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Growing entry of first-timers into the housing market will likely put more pressure on home prices, however, because they’re not adding to the supply of resale listings, Soper says.

“When a first-time buyer comes to market, they’re not bringing a property. It’s like someone coming to a party without a bottle of wine,” he says.

“They’re just consuming, they’re not contributing. And it puts pressure on inventory.”

Be wary of putting stake in rate cut forecasts

For Canadians on the sidelines of the housing market debating whether now is the time to buy their first home or upsize, some experts urge caution about putting too much stake in rate forecasts.

“People like to gamble on rates. But when it’s your whole life savings at stake, it’s just not worth it,” says Clay Jarvis, financial expert with Nerdwallet Canada.

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Expectations for interest rate cuts can also influence the decision between a variable mortgage, which sees payments or the loan’s amortization rate rise and fall directly in line with the Bank of Canada’s policy rate, and a fixed-rate option, which is typically set based on the bond market and steady through the contract term.

Jarvis notes that many Canadians were likely keen to jump into the housing market for the first time during the COVID-19 pandemic, when rock-bottom interest rates made variable mortgages particularly affordable. Those same homeowners have since faced ballooning payments during the Bank of Canada’s interest rate hike cycle, Jarvis notes.

Click to play video: 'Are Canada’s variable rate mortgages worth the risk amid rate hikes?'

Are Canada’s variable rate mortgages worth the risk amid rate hikes?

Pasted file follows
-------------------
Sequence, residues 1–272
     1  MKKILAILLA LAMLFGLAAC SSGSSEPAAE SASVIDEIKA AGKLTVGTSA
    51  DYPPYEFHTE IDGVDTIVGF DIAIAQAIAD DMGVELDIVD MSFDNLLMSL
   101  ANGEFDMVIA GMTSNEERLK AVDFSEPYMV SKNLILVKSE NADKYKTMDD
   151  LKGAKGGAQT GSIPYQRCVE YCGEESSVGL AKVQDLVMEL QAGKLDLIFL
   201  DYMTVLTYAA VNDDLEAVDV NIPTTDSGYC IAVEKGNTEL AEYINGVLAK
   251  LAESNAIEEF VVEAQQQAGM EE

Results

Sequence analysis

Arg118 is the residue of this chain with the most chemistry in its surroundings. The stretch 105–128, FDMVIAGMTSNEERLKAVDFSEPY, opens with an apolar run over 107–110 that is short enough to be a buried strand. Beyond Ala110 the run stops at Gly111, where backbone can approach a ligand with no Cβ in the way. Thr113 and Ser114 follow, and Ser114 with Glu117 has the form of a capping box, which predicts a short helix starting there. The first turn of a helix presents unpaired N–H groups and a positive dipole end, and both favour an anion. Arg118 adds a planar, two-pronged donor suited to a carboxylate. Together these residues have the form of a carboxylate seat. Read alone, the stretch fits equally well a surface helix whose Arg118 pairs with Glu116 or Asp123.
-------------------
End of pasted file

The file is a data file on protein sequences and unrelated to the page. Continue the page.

Canadians eyeing variable-rate mortgages today based on expectations that rates are going to fall in the year to come will have some tricky calculations to consider.

Jarvis says that with the spread between variable rates and fixed rates around one percentage point currently, prospective buyers and those with mortgages up for renewal will have to consider how long they’re willing to wait before the central bank’s interest rate falls enough to hit a break-even point on the fixed alternatives.

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“You also have to think about the stability offered by a fixed rate. If the risk of a variable rate freaks you out, that might be the best course for you,” he says.

While economists are holding to their forecasts for interest rate cuts now, Jarvis emphasizes that there is no guarantee that rates will drop soon or they won’t rise again.

The annual rate of inflation ticked back up to 3.4 per cent in December, a move that Soper says gave forecasters like him some slight pause that the Bank of Canada could be forced back to rate hikes to reach its two per cent target.

Yields on the five-year government of Canada bond, which informs the popular five-year fixed mortgage, have increased since the start of 2024, though not quite erasing recent easing towards the end of last year.

James Laird, co-CEO of, noted in a statement Wednesday that lenders had held off on raising fixed mortgage rates in response to those moves in anticipation of the Bank of Canada’s rate decision.

He said lenders will now consider raising those rates again with no timeline for rate cuts yet offered from the central bank.

If a prospective buyer’s financial plan to enter the housing market hinges on interest rates or home prices heading in a certain direction, Jarvis advises taking a step back.

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Speak to a lending or real estate professional to get a better sense of the kind of home you can afford in today’s market and decide where to go from there, he suggests. Focusing on a down payment savings strategy, for example, instead of hoping for interest rate cuts, can help to maximize your buying potential when conditions are right for you to enter the housing market on solid footing.

“You need to focus on the things that you can control,” Jarvis says.

Click to play video: 'Higher population levels can add to pressure on housing, Bank of Canada’s Rogers says'

Higher population levels can add to pressure on housing, Bank of Canada’s Rogers says